In our round-up of the weekend’s top tech news, Apple’s onslaught on the consumer electronics industry has led to the demise of the once-powerful Japanese tech industry; Amazon’s battle with Hachette is the latest skirmish in the e-books war; and Samsung’s real nemesis could be Xiaomi.
Apple bites into confidence of Japanese electronics firms
Japan’s electronics industry, once the envy of the industrialised world, has found itself in choppy waters while upstart players like Apple, which it once viewed as a minnow, are devastating its market share.
A report in The Economist indicates that Sony, which has been sold to a private equity firm, has seen its market share fall from 10pc to 2pc.
“Japanese firms have blundered for the past decade. They continued to obsess about fancy hardware, neglecting fast-growing software and services (such as Apple’s iTunes) and failing to spot consumers’ changing tastes. They were slow to recognise the developing world as a fast-growing market and not just a low-cost manufacturing base, says Peter Kenevan, a consultant at McKinsey in Tokyo.
“The Japanese firms now have some hard decisions to make, about which existing products they should give up on and which new ones to pursue. Sony’s bosses are reportedly studying reforms made by Philips, a Dutch firm which has quit a number of poorly performing businesses. Last year it got out of making televisions, and a chunk of its lighting division is next out of the door.
“Panasonic is already making an abrupt change of direction. Under Kazuhiro Tsuga, its newish chief executive, it is exiting both plasma televisions and consumer smartphones. Its new focus is on making equipment for energy-efficient homes.”
A war, but not a very novel one
Authors are finding themselves caught in No Man’s Land in a battle that is raging between e-commerce kingpin Amazon and America’s fourth largest book publisher Hachette. The New York Times reported that this battle is just one dimensionof an epic war over the digital future of publishing in which the anti-trust case against Apple was a recent skirmish.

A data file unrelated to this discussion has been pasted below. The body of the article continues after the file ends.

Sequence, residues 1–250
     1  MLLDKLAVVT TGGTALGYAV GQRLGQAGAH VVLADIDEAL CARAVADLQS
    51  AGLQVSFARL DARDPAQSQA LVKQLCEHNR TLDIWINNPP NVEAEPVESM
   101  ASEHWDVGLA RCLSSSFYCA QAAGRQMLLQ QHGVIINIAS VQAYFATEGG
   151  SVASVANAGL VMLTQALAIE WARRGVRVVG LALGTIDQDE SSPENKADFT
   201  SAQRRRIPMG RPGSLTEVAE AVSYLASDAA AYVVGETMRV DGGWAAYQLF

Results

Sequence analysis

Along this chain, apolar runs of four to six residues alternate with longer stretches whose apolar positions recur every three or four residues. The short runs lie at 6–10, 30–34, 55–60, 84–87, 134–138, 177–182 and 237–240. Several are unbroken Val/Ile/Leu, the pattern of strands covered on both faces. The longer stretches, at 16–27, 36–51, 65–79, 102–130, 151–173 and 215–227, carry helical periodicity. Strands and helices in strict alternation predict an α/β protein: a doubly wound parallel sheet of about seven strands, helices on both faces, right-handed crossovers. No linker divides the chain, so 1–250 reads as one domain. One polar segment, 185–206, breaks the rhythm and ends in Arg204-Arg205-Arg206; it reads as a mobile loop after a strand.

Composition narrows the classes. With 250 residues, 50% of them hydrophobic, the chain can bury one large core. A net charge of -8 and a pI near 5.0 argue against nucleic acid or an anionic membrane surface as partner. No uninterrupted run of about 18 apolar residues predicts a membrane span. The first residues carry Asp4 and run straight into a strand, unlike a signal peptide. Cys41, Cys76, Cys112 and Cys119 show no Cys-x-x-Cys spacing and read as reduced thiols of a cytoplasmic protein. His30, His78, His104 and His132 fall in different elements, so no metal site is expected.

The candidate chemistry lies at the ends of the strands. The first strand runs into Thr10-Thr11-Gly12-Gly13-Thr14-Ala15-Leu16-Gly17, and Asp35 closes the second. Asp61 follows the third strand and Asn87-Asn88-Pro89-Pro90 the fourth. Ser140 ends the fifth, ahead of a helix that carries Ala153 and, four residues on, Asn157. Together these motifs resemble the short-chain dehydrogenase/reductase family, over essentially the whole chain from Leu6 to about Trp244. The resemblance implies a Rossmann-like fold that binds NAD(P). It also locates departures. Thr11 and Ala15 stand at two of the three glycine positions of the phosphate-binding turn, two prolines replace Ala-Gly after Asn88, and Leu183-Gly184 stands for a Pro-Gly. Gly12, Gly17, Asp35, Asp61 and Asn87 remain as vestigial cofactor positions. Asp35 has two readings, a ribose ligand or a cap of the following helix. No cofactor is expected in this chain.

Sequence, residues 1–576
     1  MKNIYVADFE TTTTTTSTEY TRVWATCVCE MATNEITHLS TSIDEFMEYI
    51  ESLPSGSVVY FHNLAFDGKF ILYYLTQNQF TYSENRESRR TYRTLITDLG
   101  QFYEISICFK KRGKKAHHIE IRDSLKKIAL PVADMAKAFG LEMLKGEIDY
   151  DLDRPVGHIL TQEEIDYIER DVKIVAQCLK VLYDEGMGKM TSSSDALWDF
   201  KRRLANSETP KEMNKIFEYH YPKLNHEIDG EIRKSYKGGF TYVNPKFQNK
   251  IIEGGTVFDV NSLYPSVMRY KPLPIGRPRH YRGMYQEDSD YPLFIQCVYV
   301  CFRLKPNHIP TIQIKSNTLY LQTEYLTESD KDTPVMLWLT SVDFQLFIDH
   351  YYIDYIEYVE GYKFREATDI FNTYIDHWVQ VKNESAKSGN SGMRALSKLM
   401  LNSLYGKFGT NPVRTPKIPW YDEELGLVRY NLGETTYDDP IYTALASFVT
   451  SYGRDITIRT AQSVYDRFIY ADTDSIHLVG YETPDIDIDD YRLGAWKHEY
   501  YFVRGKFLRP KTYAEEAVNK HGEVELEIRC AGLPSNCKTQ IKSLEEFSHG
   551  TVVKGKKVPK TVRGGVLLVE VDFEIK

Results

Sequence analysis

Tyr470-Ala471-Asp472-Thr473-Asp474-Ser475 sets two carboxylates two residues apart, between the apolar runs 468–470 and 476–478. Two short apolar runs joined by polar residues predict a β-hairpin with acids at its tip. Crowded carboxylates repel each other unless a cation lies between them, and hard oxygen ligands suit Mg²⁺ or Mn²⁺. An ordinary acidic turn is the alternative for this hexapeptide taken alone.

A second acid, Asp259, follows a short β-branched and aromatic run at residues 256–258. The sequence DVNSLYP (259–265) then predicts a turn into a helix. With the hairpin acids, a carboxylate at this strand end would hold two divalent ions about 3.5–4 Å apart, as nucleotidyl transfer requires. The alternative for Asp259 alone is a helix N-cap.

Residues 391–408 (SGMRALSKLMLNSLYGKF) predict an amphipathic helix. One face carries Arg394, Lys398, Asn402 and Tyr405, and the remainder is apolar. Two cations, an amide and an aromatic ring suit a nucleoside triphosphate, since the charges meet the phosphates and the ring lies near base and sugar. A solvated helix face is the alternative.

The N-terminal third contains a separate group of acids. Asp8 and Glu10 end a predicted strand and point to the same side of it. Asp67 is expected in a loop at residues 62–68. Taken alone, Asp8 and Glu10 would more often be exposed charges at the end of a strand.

“From household names to deeply obscure scribblers, authors are inflamed this summer, perhaps more deeply divided than at any point in nearly a half-century. Back then, it was the question of being a hawk or dove on Vietnam. Now it is not a war but an internet retailer and its unparalleled grip on the cultural machinery that is provoking fierce controversy.
“At first, those in the publishing business considered Amazon a cute toy (you could see a book’s exact sales ranking!) and a useful counterweight to Barnes & Noble and Borders, chains willing to throw their weight around. Now Borders is dead, Barnes & Noble is weak and Amazon owns the publishing platform of the digital era. The company founded and still run by Jeff Bezos dragged the publishers into modern times, forced them to digitize and urged on the Justice Department in its 2012 antitrust suit against the publishers and Apple. The conflict is unrelenting.”
Samsung’s dark cloud
To many, Korean electronics giant Samsung seems unstoppable. But there is a dark cloud on the horizon that threatens all of its gains, according to a very sharp and insightful blog by Ben Evans.
If Xiaomi selling 50,000 tablet devices in under four minutes is anything to go by Samsung faces the threat of commoditisation of the Android ecosystem by the rising swarm of hardware makers in nearby China.